Public Engagements, Part 2
April 10, 2018
What does is mean to do public research in the environmental humanities? This and other questions lie at the heart of this series of essays, "Public Engagements." Contributors, PPEH Fellows and students, reflect on: Who is the "public" in my public research? How will they be engaged? Does my project need a public audience? A participant audience? Participant observers? Am I looking for research subjects? Co-creators? How will I document my social practice research?
AFTER THE RAIN
Seung-Hyun Chung, Undergraduate PPEH Fellow, English
Playwright Chantal Bilodeau says she’s breaking up with Aristotle. It’s a difficult claim to untangle. Aristotle underlies the foundation of our place and moment, from conceptions of freedom to the way we tell stories. And that’s the problem. His western dramatic structure, Bilodeau argues, depends on a conquest narrative in which man must subjugate nature, a continuous nature/culture divide that justifies histories of material appropriation, colonialism, racism, and patriarchy. While this notion is experimental, it begs a necessary political question. How can we imagine new ways to tell stories that inspire urgency and radically re-orient our consciousness toward climate crisis and the Anthropocene?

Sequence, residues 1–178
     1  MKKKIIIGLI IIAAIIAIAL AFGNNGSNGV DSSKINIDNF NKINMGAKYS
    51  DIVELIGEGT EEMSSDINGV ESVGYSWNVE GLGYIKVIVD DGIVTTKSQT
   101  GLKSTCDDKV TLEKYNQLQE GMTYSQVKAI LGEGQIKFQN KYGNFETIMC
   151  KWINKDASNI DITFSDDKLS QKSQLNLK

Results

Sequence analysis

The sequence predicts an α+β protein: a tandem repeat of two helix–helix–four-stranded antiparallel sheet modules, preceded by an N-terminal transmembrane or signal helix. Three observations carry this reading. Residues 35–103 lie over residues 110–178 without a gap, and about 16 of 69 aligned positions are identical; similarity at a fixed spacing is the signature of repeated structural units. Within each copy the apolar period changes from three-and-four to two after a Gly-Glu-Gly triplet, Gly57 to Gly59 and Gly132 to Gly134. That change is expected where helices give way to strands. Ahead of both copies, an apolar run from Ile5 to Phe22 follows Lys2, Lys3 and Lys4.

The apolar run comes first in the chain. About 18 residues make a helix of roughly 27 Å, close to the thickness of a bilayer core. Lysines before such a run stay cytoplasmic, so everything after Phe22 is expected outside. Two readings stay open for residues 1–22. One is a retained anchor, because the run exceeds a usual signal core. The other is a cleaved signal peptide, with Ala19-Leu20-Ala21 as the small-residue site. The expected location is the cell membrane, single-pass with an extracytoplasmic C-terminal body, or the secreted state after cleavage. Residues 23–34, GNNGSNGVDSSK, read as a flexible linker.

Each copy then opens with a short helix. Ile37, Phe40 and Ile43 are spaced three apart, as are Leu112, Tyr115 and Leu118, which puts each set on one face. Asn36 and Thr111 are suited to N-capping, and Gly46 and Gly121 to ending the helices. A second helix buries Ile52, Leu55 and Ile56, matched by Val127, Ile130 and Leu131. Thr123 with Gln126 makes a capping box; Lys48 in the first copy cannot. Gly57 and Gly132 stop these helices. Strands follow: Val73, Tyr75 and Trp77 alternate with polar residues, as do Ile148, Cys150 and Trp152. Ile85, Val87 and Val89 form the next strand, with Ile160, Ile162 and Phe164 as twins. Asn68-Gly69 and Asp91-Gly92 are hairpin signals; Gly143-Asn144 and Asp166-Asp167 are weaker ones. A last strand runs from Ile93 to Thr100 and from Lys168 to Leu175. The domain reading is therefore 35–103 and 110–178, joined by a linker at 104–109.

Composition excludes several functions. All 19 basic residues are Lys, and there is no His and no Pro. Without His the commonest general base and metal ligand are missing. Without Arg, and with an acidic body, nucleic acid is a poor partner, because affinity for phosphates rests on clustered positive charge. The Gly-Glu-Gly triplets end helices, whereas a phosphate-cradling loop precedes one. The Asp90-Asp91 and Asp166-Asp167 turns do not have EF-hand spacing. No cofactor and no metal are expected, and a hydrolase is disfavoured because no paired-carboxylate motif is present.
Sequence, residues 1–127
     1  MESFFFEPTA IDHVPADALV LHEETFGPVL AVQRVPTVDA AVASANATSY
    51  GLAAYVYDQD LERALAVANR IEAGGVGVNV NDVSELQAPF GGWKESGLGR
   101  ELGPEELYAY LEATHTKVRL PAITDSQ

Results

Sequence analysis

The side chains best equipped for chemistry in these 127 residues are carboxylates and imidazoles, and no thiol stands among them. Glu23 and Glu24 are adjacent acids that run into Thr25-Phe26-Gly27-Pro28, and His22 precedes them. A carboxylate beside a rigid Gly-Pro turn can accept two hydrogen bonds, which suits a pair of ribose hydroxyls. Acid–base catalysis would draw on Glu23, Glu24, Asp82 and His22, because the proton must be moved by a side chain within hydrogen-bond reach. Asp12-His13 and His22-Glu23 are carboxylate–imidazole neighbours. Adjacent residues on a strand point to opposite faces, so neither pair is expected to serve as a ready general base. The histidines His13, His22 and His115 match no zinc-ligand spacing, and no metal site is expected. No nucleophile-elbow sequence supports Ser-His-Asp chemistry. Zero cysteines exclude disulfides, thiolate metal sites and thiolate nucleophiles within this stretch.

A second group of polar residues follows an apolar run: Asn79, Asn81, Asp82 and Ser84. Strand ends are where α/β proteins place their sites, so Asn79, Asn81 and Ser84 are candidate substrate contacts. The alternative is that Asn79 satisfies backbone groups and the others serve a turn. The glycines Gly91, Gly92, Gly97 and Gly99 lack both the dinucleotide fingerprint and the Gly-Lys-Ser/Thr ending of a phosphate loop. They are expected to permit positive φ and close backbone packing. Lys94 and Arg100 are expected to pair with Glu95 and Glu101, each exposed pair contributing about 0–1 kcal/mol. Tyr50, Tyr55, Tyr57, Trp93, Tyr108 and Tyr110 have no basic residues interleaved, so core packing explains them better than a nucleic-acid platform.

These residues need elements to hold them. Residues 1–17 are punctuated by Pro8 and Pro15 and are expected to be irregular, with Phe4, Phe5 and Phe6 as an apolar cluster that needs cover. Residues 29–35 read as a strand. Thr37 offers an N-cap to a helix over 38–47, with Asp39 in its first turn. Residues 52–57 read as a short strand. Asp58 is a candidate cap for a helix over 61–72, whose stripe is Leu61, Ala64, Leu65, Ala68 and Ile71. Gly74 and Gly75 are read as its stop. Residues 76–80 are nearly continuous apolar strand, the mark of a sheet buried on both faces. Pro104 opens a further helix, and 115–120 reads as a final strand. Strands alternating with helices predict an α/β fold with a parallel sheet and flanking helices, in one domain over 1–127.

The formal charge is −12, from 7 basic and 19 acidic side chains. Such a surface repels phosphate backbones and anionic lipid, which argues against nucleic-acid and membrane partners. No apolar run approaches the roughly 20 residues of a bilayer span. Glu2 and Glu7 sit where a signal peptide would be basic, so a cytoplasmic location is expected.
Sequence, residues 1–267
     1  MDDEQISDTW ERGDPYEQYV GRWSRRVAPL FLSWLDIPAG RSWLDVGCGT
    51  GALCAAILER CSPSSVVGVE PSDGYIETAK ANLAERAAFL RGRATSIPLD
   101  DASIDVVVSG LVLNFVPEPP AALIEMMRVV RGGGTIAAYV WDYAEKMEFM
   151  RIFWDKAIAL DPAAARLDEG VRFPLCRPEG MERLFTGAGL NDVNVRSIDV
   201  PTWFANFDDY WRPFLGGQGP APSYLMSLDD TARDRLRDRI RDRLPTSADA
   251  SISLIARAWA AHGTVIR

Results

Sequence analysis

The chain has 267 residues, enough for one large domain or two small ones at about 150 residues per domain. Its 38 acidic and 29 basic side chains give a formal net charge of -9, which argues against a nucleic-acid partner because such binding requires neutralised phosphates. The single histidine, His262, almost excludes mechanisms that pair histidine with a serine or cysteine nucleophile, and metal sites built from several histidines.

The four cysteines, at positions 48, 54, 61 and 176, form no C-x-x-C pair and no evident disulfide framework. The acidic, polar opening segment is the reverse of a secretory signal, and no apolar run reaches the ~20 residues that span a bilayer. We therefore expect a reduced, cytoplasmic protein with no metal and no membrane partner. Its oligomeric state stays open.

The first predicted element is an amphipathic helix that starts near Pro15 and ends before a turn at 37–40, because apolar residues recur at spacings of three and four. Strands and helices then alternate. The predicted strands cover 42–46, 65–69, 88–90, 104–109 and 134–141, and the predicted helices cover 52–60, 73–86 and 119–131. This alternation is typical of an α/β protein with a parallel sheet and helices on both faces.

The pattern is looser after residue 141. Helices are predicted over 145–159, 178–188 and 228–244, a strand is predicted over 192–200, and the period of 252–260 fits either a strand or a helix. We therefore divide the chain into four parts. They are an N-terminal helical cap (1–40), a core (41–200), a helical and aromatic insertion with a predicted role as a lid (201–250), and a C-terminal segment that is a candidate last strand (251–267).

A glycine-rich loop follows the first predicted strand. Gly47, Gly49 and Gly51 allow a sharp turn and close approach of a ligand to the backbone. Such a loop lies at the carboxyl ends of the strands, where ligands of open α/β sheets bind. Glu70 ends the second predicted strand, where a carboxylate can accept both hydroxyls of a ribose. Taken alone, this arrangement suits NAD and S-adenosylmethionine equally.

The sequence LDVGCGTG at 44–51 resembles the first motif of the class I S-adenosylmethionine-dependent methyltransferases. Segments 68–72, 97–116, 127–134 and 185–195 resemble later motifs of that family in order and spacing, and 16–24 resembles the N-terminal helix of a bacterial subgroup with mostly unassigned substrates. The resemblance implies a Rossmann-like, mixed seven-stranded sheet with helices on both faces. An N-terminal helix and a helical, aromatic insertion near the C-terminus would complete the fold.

This question was on my mind when I wrote After the Rain, a play exploring mental health as an index of planetary health that grew out of Dr. Wiggin’s Environmental Humanities course. In the story, the protagonist experiences a special kind of rain - from macarons to dollar coins falling from the sky - that occurs every time she has a panic attack. Form and content felt inseparable while writing. I felt that this play could not be about climate change; it itself had to be climate change. What narrative strategies could I employ to connect two seemingly different concepts together -- namely that of planet and bodily disposability?
My current project, in conjunction to DataRefuge, is an art-based inquiry to explore such narrative strategies that can translate climate change and federal environmental data to new dramatic forms. I will continue to revise After the Rain and tinker where data could come into the picture of this absurdist story. On another hand, I hope to devise performative experiments that can render data participatory and visible to the audience in a way that is felt and lived. Both methods are experimental, but one thing’s for sure: when our old tools of storytelling are not working, what can we do but experiment?